Pilot Advisory: Volcanic Ash Over Kodiak, Alaska, But It’s 100 Years Old

Photo credit: National Park ServiceAlaska Public Radio reported last night that

There was volcanic ash in the air over the Shelikof Straight and parts of Kodiak Island yesterday. A person in Port Lions called KMXT to ask if a volcano had erupted, but the Alaska Volcano Observatory showed all was normal. However, it turned out that a volcano had erupted, though it wasn’t yesterday – it was almost exactly 100 years ago.

The National Weather Service office in Anchorage reported that ash from the Novarupta explosion in 1912 was being whipped up by strong northerly winds because of a lack of snow cover in the Valley of 10,000 Smokes and Katmai National Park on the Alaska Peninsula.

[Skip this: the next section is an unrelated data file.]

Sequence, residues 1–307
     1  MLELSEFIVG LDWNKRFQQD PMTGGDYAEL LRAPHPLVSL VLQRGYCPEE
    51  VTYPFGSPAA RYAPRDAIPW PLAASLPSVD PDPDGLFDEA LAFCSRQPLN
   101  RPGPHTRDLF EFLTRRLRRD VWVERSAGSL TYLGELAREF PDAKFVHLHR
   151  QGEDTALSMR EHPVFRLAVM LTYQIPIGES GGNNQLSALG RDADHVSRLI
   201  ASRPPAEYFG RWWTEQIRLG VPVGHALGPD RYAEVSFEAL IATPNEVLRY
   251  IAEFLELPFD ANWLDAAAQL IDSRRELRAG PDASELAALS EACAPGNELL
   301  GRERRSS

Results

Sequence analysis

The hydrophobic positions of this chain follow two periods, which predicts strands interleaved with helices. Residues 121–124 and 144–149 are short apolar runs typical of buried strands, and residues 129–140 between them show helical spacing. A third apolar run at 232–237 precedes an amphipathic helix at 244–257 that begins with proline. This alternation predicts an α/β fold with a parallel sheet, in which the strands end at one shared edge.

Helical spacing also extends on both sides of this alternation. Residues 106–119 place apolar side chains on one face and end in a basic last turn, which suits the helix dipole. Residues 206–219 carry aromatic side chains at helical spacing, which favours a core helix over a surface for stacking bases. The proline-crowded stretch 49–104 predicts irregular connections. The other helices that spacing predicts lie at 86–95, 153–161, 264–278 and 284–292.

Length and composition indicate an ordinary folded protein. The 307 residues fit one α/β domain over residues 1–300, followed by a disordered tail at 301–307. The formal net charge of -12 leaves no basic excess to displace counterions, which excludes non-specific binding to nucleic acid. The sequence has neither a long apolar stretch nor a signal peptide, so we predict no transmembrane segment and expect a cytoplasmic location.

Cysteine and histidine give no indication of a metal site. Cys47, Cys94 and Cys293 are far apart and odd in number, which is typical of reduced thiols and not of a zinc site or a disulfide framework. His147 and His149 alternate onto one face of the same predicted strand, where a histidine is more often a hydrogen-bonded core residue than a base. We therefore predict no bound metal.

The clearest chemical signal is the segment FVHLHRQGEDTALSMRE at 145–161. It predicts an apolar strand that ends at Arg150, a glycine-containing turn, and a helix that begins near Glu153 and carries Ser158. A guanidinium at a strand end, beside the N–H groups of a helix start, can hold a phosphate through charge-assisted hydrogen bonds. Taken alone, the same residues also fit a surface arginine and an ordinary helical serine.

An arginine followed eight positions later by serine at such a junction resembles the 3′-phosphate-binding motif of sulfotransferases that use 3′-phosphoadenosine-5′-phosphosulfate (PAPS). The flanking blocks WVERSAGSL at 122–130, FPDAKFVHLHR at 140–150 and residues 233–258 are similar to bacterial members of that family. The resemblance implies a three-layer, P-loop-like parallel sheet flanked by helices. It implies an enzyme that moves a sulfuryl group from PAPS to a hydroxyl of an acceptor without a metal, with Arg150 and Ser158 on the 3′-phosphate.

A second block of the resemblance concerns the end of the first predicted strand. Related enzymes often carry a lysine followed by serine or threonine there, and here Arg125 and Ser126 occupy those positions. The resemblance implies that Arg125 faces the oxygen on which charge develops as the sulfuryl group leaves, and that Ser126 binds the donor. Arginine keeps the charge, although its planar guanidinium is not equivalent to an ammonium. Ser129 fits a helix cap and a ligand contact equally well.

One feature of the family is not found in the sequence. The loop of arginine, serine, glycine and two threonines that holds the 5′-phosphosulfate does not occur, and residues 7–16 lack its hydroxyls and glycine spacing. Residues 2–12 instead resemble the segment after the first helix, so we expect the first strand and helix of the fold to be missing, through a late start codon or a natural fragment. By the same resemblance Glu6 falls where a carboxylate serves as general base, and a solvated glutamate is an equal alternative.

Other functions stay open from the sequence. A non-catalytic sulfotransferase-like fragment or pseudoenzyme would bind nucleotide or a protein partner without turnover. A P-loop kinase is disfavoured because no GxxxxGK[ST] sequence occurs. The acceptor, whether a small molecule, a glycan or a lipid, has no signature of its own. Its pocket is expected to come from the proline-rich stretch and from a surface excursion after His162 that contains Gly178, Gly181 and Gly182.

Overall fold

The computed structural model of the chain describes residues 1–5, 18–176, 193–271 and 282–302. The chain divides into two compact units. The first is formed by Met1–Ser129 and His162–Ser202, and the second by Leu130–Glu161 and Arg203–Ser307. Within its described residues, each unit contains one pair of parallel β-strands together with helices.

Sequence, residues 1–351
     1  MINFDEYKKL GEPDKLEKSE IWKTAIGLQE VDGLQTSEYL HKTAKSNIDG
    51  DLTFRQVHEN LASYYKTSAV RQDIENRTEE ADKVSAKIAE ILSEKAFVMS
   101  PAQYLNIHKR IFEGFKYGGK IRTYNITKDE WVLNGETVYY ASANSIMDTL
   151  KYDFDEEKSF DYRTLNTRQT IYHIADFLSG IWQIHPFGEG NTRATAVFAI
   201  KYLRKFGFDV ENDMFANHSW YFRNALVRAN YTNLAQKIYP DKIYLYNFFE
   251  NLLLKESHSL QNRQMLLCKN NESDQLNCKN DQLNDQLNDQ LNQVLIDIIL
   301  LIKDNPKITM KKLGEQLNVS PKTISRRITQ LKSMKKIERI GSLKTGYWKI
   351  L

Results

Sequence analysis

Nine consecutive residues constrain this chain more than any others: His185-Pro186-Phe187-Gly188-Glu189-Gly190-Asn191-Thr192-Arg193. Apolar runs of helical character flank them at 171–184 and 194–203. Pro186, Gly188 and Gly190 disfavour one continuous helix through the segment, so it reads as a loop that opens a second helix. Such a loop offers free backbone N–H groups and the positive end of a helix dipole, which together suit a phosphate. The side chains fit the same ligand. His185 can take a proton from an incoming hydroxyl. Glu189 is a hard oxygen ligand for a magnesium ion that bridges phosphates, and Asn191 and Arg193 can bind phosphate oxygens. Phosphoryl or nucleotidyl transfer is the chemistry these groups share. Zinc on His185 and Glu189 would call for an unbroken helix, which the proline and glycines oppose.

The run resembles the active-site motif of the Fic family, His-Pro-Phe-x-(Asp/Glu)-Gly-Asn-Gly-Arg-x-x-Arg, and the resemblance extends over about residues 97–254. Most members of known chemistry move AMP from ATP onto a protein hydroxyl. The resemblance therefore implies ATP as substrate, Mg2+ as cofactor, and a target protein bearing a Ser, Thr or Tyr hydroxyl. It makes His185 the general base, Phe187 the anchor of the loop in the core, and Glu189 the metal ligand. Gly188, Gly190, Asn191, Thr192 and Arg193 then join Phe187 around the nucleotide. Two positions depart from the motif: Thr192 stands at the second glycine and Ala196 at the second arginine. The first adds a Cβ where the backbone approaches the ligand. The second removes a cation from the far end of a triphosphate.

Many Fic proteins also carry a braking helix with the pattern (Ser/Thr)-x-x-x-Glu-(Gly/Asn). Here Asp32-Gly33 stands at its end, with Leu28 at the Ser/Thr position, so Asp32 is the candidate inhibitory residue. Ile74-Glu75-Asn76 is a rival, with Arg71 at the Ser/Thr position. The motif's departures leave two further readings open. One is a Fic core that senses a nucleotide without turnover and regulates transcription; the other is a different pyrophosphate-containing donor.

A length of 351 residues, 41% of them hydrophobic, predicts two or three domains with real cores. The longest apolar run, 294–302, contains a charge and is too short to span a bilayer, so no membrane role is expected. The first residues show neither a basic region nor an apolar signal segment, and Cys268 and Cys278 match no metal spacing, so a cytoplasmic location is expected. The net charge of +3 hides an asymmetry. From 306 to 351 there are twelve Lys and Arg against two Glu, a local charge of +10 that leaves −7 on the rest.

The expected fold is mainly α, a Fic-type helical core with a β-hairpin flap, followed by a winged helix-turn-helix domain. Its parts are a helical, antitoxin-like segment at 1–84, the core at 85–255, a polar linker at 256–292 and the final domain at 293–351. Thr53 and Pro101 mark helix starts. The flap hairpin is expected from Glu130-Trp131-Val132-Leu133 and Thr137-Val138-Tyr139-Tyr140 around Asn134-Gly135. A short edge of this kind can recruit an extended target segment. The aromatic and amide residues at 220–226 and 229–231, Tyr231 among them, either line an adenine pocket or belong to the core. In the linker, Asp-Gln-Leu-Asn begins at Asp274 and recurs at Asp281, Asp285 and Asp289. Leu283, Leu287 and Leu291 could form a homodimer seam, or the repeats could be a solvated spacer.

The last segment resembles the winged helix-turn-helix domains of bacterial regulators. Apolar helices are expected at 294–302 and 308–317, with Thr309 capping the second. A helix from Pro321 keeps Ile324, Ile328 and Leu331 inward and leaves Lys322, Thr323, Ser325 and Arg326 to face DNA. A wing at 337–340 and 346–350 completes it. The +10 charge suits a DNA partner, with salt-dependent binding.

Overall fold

Fox News added that

The ash drifted up to about 4,000 feet and traveled over the Shelikof Strait and across Kodiak Island, prompting an aviation alert. The news was first reported by KMXT radio.

Weather service meteorologist Brian Hagenbuch said it isn’t unheard of for ash from Novarupta to create a haze, but it isn’t very common either. Winds in the area were blowing about 35 to 40 mph, with gusts of more than 52 mph.

Officials first picked up the haze on a weather camera Tuesday when the sun was rising. “It looked very foggy. … It was kind of a curious thing,” Hagenbuch said. “We didn’t expect fog there.”

As the day got lighter, the haze took on a “brownish, smog-type look,” he said.

A satellite image showed a “milky white plume” spreading out from the northern Alaska peninsula, and authorities later confirmed the existence of ash particles, he said.

The Katmai National Park website describes the “famed Valley of Ten Thousand Smokes,” the area from where the ash was blown, as

a spectacular forty square mile, 100 to 700 foot deep ash flow deposited by Novarupta Volcano in 1912. A National Park & Preserve since 1980, today Katmai is still famous for volcanoes, but also for brown bears, pristine waterways with abundant fish, remote wilderness, and a rugged coastline.